described in association with the osteosarcoma;
prostate metastases may also demonstrate this
feature.
CHAPTER 11
Malignant Tumours Involving theJaws

Malignant Tumours Involving theJaws 179
There is usually variable soft tissue mass over the region of
involved/destroyed cortex (demonstrated on MDCT or MRI).
Dentoalveolar structures.
Irregular widening of the periodontal ligament spaces of
the teeth. There may be focal regions of widening of the
periodontal ligament spaces with relatively normal appear-
ances between.
Destruction of the lamina dura of tooth roots. This is often
seen with the irregular widening of the periodontal liga-
ment spaces. There may be focal destruction of the lamina
dura interspersed with regions of relatively normal‐appear-
ing lamina dura.
This malignant widening of the periodontal ligament
spaces and destruction of the lamina dura may involve any
surface of any tooth root.
Destruction of follicular cortices of unerupted teeth. There
may be displacement of the calcified dental structures
within the follicle.
Tooth displacement and root resorption are not typically
seen. However:
root resorption is occasionally seen
teeth may occasionally appear to be in a displaced posi-
tion if a significant amount of surrounding bone is
destroyed; this is usually related to a lack of alveolar bone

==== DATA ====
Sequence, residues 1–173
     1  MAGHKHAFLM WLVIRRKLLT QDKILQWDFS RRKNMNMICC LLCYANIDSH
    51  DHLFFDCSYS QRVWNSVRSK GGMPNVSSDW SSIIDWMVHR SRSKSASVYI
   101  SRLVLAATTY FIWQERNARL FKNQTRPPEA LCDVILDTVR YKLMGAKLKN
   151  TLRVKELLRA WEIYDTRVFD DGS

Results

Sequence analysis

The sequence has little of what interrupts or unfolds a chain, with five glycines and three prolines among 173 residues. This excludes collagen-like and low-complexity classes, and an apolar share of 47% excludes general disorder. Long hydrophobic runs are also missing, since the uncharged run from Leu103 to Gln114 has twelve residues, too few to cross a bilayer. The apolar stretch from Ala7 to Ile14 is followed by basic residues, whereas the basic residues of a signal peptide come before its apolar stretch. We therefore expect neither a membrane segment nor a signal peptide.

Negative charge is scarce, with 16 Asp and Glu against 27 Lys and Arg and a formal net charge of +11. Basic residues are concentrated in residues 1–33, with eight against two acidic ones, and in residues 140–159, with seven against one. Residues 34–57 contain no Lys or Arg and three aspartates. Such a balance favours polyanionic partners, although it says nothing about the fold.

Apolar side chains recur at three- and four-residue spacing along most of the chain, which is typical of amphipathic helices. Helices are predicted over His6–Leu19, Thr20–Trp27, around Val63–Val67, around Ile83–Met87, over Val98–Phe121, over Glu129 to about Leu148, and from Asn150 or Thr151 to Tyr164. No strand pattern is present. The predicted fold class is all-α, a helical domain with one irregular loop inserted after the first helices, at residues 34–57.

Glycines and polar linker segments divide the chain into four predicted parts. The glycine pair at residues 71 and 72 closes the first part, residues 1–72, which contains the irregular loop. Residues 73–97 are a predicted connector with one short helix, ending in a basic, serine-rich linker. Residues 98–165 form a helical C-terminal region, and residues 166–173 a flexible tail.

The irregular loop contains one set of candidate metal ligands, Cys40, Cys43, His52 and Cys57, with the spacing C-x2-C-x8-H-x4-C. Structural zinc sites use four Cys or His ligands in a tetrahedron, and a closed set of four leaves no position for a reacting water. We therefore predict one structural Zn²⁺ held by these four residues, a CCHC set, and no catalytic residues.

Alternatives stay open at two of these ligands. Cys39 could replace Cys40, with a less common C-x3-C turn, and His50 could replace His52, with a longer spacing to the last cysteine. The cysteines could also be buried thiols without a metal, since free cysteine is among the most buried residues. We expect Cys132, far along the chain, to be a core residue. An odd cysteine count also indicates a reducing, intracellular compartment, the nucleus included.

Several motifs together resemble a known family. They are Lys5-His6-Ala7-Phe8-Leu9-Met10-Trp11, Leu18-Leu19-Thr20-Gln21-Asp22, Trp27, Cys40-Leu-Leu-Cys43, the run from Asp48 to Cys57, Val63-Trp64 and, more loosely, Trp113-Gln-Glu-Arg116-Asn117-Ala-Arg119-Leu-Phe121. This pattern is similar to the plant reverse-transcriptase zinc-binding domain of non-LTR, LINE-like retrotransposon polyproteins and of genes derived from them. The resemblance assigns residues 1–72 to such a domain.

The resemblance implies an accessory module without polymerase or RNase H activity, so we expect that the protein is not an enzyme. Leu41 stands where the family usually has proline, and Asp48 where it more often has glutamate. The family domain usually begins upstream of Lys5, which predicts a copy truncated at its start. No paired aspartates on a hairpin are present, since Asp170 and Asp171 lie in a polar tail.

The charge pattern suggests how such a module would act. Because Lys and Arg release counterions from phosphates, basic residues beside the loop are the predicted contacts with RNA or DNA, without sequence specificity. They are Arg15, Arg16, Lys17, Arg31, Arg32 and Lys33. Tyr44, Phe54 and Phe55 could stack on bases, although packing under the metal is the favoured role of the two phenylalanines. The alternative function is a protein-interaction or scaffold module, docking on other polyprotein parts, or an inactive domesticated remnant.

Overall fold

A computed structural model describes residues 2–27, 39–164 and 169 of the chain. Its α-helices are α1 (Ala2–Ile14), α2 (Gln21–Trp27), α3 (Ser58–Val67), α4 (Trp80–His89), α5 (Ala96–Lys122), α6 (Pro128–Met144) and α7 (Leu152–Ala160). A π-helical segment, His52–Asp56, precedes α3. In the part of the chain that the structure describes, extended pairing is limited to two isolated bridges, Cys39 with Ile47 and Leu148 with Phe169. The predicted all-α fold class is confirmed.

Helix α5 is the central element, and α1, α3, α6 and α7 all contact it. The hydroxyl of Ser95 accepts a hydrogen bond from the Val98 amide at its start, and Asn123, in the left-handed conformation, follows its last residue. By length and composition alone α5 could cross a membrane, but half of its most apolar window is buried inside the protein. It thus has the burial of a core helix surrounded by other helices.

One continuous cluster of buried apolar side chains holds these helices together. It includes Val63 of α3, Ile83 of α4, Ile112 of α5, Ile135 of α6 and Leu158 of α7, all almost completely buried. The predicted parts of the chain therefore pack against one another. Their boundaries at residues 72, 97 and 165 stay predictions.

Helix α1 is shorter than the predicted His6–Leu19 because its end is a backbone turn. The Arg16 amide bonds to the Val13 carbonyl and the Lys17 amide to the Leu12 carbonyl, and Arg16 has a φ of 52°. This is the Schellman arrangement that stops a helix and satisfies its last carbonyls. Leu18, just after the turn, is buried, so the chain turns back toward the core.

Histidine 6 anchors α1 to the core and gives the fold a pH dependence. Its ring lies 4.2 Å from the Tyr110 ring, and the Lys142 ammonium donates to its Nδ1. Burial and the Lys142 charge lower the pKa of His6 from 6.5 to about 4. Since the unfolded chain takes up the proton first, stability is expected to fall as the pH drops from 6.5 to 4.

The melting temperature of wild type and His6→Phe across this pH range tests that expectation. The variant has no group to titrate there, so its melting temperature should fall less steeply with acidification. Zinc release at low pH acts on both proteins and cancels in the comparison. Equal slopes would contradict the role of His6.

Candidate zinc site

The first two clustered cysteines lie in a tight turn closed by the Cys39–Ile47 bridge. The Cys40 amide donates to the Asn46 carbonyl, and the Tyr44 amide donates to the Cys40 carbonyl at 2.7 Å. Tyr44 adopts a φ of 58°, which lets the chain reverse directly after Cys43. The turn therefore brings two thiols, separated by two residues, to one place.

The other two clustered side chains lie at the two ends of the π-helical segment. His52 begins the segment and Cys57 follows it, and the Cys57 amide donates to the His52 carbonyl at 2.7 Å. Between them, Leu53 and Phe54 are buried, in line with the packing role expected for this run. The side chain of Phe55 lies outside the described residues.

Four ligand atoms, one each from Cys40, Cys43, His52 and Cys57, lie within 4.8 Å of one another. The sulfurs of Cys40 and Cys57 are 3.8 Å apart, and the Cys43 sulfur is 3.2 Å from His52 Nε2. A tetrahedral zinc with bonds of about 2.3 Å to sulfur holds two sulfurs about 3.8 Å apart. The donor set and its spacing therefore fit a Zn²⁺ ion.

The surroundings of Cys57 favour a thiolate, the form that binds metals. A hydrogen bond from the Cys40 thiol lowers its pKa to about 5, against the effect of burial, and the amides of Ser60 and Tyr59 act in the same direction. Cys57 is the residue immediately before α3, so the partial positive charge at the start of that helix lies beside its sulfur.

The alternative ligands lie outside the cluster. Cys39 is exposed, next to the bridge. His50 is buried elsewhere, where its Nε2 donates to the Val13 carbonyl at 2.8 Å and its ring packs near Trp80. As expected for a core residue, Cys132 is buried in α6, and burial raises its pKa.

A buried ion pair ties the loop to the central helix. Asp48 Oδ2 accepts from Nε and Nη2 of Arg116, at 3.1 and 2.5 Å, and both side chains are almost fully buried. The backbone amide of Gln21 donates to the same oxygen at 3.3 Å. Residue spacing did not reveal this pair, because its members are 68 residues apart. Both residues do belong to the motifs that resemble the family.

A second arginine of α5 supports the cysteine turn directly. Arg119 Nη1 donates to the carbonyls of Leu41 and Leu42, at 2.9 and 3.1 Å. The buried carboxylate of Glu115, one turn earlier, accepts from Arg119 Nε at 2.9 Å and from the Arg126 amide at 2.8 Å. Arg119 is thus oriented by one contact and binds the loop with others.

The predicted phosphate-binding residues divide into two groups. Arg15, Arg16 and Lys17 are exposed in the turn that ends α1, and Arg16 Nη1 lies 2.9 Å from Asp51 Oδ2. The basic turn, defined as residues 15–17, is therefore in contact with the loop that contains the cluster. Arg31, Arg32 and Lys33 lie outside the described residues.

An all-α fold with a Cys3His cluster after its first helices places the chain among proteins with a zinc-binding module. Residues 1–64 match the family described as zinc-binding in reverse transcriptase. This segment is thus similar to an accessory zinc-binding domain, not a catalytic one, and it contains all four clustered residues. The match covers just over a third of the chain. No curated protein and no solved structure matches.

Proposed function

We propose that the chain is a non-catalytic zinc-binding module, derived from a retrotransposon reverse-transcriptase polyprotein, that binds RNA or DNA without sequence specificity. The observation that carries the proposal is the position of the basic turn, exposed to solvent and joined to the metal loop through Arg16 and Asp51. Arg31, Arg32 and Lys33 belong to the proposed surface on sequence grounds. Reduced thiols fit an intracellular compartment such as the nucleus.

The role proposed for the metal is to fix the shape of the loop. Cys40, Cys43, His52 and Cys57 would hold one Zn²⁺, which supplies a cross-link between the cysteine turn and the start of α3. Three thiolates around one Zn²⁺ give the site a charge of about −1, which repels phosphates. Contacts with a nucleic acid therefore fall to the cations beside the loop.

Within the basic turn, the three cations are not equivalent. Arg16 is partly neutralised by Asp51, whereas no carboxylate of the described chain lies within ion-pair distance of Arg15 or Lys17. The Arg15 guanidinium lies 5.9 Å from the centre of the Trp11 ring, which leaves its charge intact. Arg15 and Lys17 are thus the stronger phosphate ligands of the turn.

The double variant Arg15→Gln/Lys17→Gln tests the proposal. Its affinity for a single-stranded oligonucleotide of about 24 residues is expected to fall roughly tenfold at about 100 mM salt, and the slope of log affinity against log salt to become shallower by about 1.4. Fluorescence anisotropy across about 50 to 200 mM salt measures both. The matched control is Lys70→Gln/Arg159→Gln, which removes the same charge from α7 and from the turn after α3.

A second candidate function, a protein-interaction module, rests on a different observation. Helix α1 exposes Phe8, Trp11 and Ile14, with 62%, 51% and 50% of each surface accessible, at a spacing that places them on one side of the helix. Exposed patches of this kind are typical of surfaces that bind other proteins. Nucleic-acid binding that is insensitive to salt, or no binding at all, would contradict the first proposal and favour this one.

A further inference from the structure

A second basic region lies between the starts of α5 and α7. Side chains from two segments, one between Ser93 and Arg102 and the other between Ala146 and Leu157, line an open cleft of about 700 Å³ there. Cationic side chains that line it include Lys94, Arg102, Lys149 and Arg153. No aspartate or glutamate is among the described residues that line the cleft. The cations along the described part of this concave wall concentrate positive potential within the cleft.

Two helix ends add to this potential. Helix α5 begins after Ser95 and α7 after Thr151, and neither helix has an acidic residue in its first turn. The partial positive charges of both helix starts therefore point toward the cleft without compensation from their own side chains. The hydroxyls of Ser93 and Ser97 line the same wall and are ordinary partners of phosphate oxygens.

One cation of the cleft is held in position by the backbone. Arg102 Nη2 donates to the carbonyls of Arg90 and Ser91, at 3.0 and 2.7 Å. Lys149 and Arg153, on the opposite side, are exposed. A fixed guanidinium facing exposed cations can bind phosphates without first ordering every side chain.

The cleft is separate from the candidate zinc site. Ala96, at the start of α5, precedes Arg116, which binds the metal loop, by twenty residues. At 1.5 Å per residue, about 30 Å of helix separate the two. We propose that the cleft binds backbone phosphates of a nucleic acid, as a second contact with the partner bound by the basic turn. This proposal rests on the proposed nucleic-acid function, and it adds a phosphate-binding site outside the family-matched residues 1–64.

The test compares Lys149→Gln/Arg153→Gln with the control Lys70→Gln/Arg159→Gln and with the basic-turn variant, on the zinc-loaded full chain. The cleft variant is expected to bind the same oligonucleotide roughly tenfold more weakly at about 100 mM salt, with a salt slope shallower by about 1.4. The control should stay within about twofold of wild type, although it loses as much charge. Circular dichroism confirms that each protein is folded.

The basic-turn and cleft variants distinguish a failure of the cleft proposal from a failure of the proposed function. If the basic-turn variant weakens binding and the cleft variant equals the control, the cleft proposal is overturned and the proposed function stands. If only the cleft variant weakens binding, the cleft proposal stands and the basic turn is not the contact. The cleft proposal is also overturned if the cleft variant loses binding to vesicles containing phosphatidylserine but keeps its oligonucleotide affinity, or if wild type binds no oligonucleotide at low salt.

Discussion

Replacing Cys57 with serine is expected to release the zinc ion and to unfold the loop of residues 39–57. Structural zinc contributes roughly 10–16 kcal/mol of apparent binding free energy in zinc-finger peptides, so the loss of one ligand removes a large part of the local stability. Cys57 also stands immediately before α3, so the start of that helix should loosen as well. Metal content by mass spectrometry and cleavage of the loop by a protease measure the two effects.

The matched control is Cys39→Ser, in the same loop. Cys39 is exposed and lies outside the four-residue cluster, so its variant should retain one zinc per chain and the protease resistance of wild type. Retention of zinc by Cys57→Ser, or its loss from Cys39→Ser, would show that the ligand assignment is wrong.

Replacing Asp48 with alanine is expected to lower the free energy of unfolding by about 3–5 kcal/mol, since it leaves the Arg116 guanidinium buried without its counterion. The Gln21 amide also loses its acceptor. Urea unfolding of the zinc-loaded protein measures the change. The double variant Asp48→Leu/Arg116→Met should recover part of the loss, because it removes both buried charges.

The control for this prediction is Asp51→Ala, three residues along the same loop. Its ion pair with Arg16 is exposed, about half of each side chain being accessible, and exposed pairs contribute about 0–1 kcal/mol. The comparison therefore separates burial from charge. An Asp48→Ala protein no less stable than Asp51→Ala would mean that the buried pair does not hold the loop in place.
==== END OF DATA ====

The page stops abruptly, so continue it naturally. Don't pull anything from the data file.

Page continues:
support rather than displacement by the malignant lesion.
Sometimes, all or most of the alveolar bone around the
teeth is destroyed, giving the classically described appear-
ance of ‘teeth floating in space.
Mandibular canal.
Where a malignant lesion extends to this canal, the borders
are usually destroyed.
A malignant lesion may traverse along, largely/partly within,
the mandibular canal. There is usually lobulated or irregular
widening with focal regions of canal border destruction.
11.3 Features ofsome malignancies which
more commonly involve thejaws
Squamous cell carcinoma (SCCa) (Figures11.1 and 11.2).
When it involves the jaws, SCCa usually presents as a lytic
destructive lesion with invasive borders (refer to sec-
tion11.2). Teeth are not usually affected and may appear to
be ‘floating in space. Early bony involvement may appear as
a focal erosion of the cortex.
Within the oral cavity, it most commonly occurs at the lat-
eral border of the tongue. It also occurs on the lip, floor of
the mouth and over the alveolar processes. SCCa can very
rarely arise from odontogenic epithelium within bone,
including odontogenic cysts.
Lytic and destructive lesion with
invasive and ill-defined borders
Soft tissue mass
(a) (b)
(c)
Figure11.1 Squamous cell carcinoma of the left maxilla: coronal and axial soft tissue (a,c) and coronal bone (b) MDCT images.

180 Atlas of Oral and Maxillofacial Radiology
Metastatic lesions (Figures11.3 and 11.4).
More often in the older age group.
Occasionally, a metastatic lesion involving the jaws is the first
identified evidence of the presence of malignant disease.
Usually present as lytic lesions with aggressive features
(refer to section11.2).
Osteoblastic metastatic lesions (e.g. breast and prostate) are
often sclerotic in appearance. Prostate metastases may
demonstrate a spiculated periosteal response.
Lymphomas and leukaemias (Figures11.5–11.10).
Malignancies involving white blood cells.
Leukaemia usually arises from within bone marrow. Four
main types.
Lymphoma arises from lymphoid tissue. Two main
types.
When these malignancies involve the jaws, there are similar
radiological features.